The Carbon Balancing Act: Let’s Debunk Greenwashing

by Kjell Anderson 
Director of Sustainable Design at LMN Architects

Zero carbon claims abound. Some have been called out as greenwashing, and nearly all of them should be. Nearly all zero carbon claims omit highlighting their limited scope.

Simply put, the industry hasn’t had the data in many areas to know the embodied and operational carbon emissions impact, so claims omit important scope and attempt to declare victory when the finish line is far away. (Many claims also rely on offsets that may not meaningfully fulfill their goal). Just because we can’t easily quantify an impact doesn’t mean it doesn’t exist. For example, the embodied carbon of MEP systems, perhaps 10-15% of total embodied carbon, is often omitted from carbon neutrality claims, along with furniture and equipment. We finally have the data to begin looking at carbon comprehensively, though with significant areas of uncertainty.

Most firms recognize this problem, of course, but our industry needs to get better at honesty and rigor in our claims. Questionable claims crowd out the hard work we are all doing to get us toward carbon neutrality. And we need to all get there to be effective.

LMN’s response has been the Path To Zero Carbon, a fail-forward series of 16 public posts based on engaging experts across the industry, outlining a broader scope of carbon impacts that need to be addressed to reach carbon neutrality. We began this exploration for several reasons beyond assessing carbon claims: 1) certifications titled Zero Carbon do not address all carbon emissions 2) we are updating our Sustainability Action Plan and need to understand areas to focus on. 3) our industry needs to reduce impacts, lessening our dependence on carbon offsets to claim zero carbon.

The Carbon Leadership Forum, député européen 2040, SE 2050, and many others are leading the way with research into specific topics. The PTZC attempts to distill the best, current data and resources across these major carbon emission sources in the built environment so we can understand the carbon solutions broadly and begin to make informed carbon reductions and understand tradeoffs and consequences.

And carbon emissions are very interrelated among building systems. For example, window to wall ratio (WWR) not only increases energy use directly, but high WWR also increases peak cooling loads that in turn increase the size of mechanical system and associated embodied carbon and refrigerant use and replacement for decades to come; high WWR also eliminates some efficient mechanical systems from being considered; high peak loads due to high WWR also increases demand on the energy grid at the worst times, requiring additional fossil fuel peaker power plants to be built (along with their embodied carbon) but rarely used, increasing energy costs for everyone; high WWR ratio also reduces thermal comfort that often leads to increased HVAC energy use due to complaints triggering set point changes. The series attempts to understand these interrelated effects within a single carbon framework, from circular economy to sitework.

The Path to Zero Carbon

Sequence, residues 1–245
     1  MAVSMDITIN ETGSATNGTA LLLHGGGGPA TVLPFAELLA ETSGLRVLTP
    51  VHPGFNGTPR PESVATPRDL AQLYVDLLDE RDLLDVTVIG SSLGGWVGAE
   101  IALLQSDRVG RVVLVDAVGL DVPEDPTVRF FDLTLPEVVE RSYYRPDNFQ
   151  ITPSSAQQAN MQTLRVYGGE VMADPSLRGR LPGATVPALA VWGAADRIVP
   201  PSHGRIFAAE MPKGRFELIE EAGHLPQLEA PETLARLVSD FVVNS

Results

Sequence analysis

Steps to Address Essential Carbon Impacts

Posts 1-8 frame the questions, responsibilities et challenges and provide fundamentals of climate science, risk and time, as well as primers on energy use carbon, carbone incorporé, et carbon sequestration.

Posts 9-16 cover topics within the design and construction industry. Starting with the Circular Economy et Existing Building decarbonization, the series then covers Structure, Envelopes, and then Hourly and Forward-Looking Energy Use Carbon. Posts on MEP Systems and Beyond the Building are forthcoming.

Primary actions we’ve learned so far:

  1. All firms should understand the top 10 embodied carbon materials and them on all projects. This is becoming a standard of care for architects and contractors in Seattle and other areas. CLF hubs are a great resource for 101 and grad-level embodied carbon reductions. Product selection and Specifications are primary tools.
  2. All firms should understand and reduce operational energy use on all projects. For complex projects, early energy modeling from the engineering side can drive cost-effective energy use reductions that are carbon reductions. Bonus points for using grid-interactive strategies to reduce peak loads.
  3. With rapid adoption and mandates for renewables, electricity nationally has reduced carbon emissions by 25% over the last decade. Long-lived assets like buildings will reap the carbon benefit as renewables scale and drive all-electric, efficient heat pump buildings near zero carbon from energy use by 2050, still early life for any building designed or renovated today.
  4. Rejoins circular economy. Buildings, products, and materials can all be reused and recycled if they are designed for deconstruction. Allowing time for deconstruction, finding and specifying salvaged materials, and engaging in deep energy retrofits to breathe new life into old buildings are key strategies.
  5. Choose honesty over hype! We can’t get to zero as individuals, only by working across our entire sector.


Kjell Anderson, AIA, CSBA, LEED Fellow, is LMN’s Director of Sustainable Design and leader of LMN’s Green Team, spearheading initiatives into energy modeling, materials + health, and water use reductions. He is the author of Design Energy Simulation for Architects, published by Routledge in 2014. He initiated and convened the Seattle Regional Hub of the Carbon Leadership Forum in November 2019.

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